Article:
Monday January 1, 1900
TRENTON DURING 1899
A Brief Classified Summary of the
Past Years’ Events
A RETROSPECTIVE GLANCE
Some Prominent Men and Women
Who Have Passed Away---Fires---
Events and Dates Worth Remembering---
With the first peal of the bell in the old town hall tower, more commonly designated as the City Hall, at midnight last night, another epoch of Trenton’s history was marked off. As the bell tolled off the dying moments of the year ’99 it also rang in the first glad utterances of the year that is now with us. The ringing of the church bells and the blowing of the factory whistles commemorated the advent of the new year; the town hall bell closed the old, as well as began the new. During the 365 days that have just ended, many have been the events that have occurred, which while they may be of no importance to the great outer world, have been of the utmost moment to the city in which they have taken place. All have been chronicled by the Trenton Times daily as they have taken place and are generally well known to the readers throughout the town, nevertheless a retrospective glance may not be amiss, and may, at the same time, be valuable as a summary.
Death has made its usual sad inroads upon the people of the town. With his ruthless sickle he has mowed down several of the most prominent citizens. Among the 1st may be mentioned Dr. Thomas S. Stevens, who died aged 62 years, on February 8th. He was followed on March 8th by John H. Faussett, aged 71, the well-known war veteran. On March 28th William Hancock, aged 75, the broker and banker, passed into the great beyond, to be followed on June 16th by Thomas Maddock, aged 82, the potter, founder of the large Maddock’s plants of this city. On July 2nd Joseph Stokes, father of the present city treasurer and superintendent of the New Jersey Steel and Iron Workers, died, aged 67 years.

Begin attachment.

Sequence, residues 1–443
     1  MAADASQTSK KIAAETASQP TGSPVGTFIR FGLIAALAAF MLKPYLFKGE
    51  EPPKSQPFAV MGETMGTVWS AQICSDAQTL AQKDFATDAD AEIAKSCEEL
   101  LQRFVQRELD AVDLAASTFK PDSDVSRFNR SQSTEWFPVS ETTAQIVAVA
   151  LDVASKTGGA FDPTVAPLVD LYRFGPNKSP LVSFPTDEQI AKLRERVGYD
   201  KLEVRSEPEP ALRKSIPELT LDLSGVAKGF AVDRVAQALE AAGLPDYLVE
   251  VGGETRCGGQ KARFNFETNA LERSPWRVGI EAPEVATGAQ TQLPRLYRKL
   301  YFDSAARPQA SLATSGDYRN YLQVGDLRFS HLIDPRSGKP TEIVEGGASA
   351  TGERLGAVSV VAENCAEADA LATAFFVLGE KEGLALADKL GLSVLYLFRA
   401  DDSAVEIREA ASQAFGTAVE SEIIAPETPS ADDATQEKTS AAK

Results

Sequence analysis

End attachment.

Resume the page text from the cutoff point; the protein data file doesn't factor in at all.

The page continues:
A prominent baker, Samuel Matlack, was next stricken, on June 12th, in the 66th year of his age. On May 22nd Gottwald Winkler, the musician and founder of Winkler’s Band, died in his 77th year, while on February 1st, Joseph Ashton the leather merchant, died, aged 77 years. Cleveland Hilson also died during July.
On April 13th, Charles Howard Haven, the venerable father of City Engineer Haven, fell out of a second-story window and died, aged 83. On April 17th Captain Hemsing, the well-known prison deputy’s death was announced.
September 5th is the date of Plumber Thomas Ingram’s death. He was aged 62. Fred Walter, the grocer, died in a Philadelphia hospital on October 10th.
The most startling death of the year was that of Phillip D. Crisp, the carriage manufacturer---April 19th. A death of a man well known in Trenton, who resided in Lawrenceville, occurred on January 5th, when Rev. Abram Gosman passed quietly away.
A number of well-known women are among the missing. The three most prominent were Mrs. Mary Howarth, better known as “Clemantine,” the poetess, who died on the 23rd of last month; Mary Ashton, religious worker, August 24th; and Ella Paxton Corsan, who died on the 9th day of the same month.
Other well-known women were Mrs. Maddock, wife of Chaplain George C. Maddock, of the State Prison, who died suddenly on February 16th; and Mrs. Sarah Redner Justice, who died January 2d, aged 85 years. Grim death took away many other loved ones from earth.
The number of large fires which Trenton has suffered from during the year past is small, as compared with the many buildings, factories, and potteries and homes in the city. Much credit for this most gratifying state of affairs must be given the Fire Department.